“I have anxiety, I’ve always had anxiety. Both in the lighthearted ‘I’m anxious about this’ kind of thing, and I’ve been to the depths of the darker end of the spectrum, which is not fun.”
Anxiety can affect anyone, even Ryan Reynolds, a literal superhero who’s getting ready for the release of the sequel to his blockbuster hit Deadpool.
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In an interview with the New York Times, Reynolds was candid about the anxiety he’s had his whole life, and his quotes about it are incredibly relatable for anyone with a similar experience.
“I have anxiety, I’ve always had anxiety,” he said. “Both in the lighthearted ‘I’m anxious about this’ kind of thing, and I’ve been to the depths of the darker end of the spectrum, which is not fun.”
Like a lot of people, his anxiety started as a child, when his father’s screaming would put it into overdrive.
“I became this young skin-covered micro manager,” he said. “When you stress out kids, there’s a weird paradox that happens because they’re suddenly taking on things that aren’t theirs to take on.”
As he got older, anxiety would paralyze him, waking him up in the middle of the night, so he self-medicated. “I was partying and just trying to make myself vanish in some way,” he said.
After a few friends died of overdoses, he turned away from partying, the New York Times reported.
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And now, the expectations put on Deadpool 2 to live up to the first movie have tapped into his instinct to expect the worst.
“When there’s built-in expectation,” he said, “your brain always processes that as danger.”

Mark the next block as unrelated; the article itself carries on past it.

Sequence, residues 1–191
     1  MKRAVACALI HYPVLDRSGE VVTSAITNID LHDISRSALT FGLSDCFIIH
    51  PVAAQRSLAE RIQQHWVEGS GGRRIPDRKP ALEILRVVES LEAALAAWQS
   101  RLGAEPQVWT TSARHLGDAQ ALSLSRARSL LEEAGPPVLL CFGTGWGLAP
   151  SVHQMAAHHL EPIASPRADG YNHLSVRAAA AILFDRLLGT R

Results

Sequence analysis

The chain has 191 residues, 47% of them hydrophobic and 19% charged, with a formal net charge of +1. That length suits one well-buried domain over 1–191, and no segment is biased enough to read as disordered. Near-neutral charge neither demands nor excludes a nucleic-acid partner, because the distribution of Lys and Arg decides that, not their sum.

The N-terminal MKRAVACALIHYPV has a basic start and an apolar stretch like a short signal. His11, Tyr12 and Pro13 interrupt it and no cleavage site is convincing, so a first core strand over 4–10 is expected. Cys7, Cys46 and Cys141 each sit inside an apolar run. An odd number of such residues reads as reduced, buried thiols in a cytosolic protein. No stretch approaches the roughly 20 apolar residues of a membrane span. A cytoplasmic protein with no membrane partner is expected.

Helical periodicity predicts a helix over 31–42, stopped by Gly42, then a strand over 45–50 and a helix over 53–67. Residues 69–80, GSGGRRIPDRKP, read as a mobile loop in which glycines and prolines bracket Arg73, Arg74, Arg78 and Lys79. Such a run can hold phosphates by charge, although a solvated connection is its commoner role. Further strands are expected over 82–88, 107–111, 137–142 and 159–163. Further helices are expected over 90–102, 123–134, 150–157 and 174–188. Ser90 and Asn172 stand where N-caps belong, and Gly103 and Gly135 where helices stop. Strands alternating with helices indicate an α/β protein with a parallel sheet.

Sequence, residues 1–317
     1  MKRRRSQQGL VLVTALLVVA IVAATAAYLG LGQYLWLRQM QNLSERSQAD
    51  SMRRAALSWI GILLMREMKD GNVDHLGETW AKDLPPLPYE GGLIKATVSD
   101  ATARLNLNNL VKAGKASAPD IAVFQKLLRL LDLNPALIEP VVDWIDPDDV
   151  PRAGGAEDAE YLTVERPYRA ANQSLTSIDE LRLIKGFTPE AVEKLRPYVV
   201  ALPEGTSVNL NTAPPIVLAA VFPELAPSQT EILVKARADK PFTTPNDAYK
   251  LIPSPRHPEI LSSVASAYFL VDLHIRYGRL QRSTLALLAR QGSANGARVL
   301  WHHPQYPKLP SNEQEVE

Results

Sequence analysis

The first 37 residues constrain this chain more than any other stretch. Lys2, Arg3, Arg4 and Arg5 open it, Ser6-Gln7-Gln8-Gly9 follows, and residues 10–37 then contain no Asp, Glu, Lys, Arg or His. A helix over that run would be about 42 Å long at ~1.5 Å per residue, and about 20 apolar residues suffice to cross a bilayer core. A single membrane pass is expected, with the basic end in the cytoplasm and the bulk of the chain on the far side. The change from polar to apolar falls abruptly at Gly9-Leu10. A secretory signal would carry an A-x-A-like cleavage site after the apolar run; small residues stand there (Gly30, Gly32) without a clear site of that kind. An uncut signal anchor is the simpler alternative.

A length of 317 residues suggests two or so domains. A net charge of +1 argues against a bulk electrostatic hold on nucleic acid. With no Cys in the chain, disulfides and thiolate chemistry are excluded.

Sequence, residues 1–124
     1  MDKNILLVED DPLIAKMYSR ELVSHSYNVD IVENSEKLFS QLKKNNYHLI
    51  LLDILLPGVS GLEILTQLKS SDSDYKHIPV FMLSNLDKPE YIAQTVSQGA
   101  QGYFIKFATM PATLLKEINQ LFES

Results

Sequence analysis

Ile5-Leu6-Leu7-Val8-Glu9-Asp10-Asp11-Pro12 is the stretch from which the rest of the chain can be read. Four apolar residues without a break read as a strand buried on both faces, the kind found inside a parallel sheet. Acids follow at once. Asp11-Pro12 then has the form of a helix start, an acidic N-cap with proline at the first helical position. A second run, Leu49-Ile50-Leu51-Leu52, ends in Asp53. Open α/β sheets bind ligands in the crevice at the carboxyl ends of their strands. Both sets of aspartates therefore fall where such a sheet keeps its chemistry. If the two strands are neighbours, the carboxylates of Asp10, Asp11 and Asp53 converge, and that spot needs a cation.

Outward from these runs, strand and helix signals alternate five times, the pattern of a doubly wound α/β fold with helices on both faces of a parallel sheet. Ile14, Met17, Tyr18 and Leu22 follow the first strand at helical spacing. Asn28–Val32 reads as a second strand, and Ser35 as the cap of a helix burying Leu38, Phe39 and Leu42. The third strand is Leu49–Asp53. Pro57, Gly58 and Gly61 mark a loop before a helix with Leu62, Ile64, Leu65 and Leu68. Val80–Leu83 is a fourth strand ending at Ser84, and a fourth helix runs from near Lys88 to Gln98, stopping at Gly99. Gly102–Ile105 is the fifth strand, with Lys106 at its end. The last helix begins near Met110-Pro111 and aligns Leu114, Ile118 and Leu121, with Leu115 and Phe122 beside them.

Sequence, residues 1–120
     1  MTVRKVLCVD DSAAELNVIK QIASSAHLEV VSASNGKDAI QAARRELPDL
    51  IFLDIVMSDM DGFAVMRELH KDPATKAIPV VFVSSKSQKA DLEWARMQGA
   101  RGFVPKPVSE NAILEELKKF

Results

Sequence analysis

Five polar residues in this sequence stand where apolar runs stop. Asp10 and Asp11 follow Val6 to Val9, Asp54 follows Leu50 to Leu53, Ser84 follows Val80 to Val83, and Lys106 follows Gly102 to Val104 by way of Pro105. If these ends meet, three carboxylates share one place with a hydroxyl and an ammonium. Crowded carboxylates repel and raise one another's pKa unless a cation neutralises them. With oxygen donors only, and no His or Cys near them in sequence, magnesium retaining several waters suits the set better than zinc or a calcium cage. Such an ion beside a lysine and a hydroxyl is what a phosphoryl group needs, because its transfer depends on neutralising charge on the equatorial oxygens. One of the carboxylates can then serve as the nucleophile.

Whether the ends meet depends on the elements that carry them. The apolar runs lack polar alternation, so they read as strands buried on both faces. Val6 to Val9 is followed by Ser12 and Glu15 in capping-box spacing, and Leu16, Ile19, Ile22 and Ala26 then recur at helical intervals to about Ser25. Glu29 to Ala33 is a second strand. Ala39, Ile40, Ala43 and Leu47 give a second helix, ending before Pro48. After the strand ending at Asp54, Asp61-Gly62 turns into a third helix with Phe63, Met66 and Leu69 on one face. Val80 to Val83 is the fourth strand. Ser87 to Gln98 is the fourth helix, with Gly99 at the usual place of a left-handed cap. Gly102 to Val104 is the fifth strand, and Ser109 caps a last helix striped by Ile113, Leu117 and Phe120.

Now, Reynolds says he relies on the meditation app Headspace (same, Ryan) and says one of his tricks is doing interviews in character as Deadpool.
“When the curtain opens, I turn on this knucklehead, and he kind of takes over and goes away again once I walk off set,” he said of his interview strategy. “That’s that great self-defense mechanism,” he continued. “I figure if you’re going to jump off a cliff, you might as well fly.”
It’s a relief to see more celebs, especially men, being open about their mental health.
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• You can learn more about starting therapy, since pretty much everyone can benefit from talking to a professional.
• You can learn more about anxiety from the resources at the National Institute of Mental Health.
• And if you need to talk to someone immediately, the National Suicide Prevention Lifeline can be reached at 1-800-273-TALK (8255) and the Crisis Text Line can be reached by texting HOME to 741741.